"The fact that the West Buttress route is not technically difficult should not obscure the need to plan for extreme survival situations. Of course, some climbers manage to get up and down in perfectly nice, but rare period of weather; when back home, they encourage others to climb this 'easy walkup' of a mountain. Little do they realize that it was only by sheer luck they weren't trying to keep their tent up in the middle of the night in a 60mph wind at 40° below zero, with boots on and ice axe ready in case the tent suddenly imploded. Because of the non-technical reputation of the popular West Buttress route, it is a terribly underestimated climb."
— Peter H. Hackett, M.D., from "Surviving Denali" by Jonathan Waterman
It will ultimately be your own call, but the more experience and skills you have, the better your odds, especially if you are unguided. And if you are unguided, it would be wise to climb with some true veterans.Dec 8, 2012 at 11:45 am #1934090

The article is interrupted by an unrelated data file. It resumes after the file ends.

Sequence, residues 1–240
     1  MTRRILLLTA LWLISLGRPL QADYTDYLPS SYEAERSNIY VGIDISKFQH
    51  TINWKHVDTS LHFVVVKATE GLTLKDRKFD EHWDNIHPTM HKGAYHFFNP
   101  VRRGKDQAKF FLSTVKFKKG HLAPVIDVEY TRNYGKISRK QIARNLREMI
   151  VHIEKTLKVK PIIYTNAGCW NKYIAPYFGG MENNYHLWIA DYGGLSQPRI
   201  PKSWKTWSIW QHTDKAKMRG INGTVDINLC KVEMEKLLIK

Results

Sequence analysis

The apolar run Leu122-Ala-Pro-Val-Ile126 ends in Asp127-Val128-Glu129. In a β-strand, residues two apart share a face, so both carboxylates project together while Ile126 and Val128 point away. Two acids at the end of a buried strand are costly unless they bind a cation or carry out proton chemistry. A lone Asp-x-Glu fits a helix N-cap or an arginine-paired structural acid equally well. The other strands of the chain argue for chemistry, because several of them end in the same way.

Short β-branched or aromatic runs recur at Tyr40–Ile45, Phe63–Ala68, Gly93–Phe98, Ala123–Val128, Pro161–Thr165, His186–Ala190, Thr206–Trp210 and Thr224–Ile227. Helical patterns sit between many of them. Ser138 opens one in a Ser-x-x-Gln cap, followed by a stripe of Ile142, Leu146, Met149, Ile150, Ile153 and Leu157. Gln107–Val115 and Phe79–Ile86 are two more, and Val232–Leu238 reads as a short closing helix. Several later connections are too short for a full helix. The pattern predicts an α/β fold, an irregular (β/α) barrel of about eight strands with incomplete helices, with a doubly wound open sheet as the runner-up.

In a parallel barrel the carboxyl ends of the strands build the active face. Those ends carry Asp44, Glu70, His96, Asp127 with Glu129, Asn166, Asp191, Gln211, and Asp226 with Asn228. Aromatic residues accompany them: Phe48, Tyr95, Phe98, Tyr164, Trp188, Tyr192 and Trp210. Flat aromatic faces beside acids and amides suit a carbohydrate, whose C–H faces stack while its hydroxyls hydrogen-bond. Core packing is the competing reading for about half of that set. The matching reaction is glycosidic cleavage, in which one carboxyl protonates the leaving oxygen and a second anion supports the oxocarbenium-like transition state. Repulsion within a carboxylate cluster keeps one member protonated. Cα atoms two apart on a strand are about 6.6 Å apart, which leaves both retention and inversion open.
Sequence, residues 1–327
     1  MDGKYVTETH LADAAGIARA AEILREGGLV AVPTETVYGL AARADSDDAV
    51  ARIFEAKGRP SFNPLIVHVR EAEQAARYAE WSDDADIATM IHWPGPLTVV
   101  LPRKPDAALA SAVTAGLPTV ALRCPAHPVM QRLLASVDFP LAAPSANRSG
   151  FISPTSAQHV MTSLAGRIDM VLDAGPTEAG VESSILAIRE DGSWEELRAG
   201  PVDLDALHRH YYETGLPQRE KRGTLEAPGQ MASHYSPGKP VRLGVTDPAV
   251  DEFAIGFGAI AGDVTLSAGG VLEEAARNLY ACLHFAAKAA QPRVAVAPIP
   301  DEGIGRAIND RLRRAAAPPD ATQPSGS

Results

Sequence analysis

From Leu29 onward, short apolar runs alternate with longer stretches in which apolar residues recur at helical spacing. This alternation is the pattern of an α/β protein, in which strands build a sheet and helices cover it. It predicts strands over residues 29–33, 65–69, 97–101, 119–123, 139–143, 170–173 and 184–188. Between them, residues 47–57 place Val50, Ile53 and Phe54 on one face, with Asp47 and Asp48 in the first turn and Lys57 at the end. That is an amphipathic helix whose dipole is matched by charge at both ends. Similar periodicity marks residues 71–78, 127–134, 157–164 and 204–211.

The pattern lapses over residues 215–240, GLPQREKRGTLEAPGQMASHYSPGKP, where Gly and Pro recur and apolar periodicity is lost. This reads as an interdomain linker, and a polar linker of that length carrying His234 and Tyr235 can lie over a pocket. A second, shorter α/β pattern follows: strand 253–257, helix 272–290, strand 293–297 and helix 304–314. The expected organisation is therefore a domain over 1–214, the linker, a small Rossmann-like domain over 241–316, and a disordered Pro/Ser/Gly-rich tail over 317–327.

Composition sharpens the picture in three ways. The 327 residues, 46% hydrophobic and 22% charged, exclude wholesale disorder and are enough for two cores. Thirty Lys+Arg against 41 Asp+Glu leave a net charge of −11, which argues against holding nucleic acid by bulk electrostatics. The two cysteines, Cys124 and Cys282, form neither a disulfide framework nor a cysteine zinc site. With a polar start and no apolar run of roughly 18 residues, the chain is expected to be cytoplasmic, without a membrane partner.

I have 4 friends who had to turn around 400 ft from the summit (on the West Butt) because one of them decided to use sunglasses instead of goggles for the final push. his eyeballs froze and he went blind in the high winds. the other 3 had to lead him back down to safety. He can now see again so it wasn't permanent.Dec 8, 2012 at 1:30 pm #1934111
@kenlarsonLocale: Western Michigan
I sound your need is to expand and further your present skills so I would highly recommend NOLS…..
Washington’s North Cascades (one classroom area NOLS mountaineering is taught), often referred to as the “American Alps,” encompass some of America’s most spectacular scenery—jagged peaks, deep valleys, cascading waterfalls, and more glaciers than any other location in the Lower 48.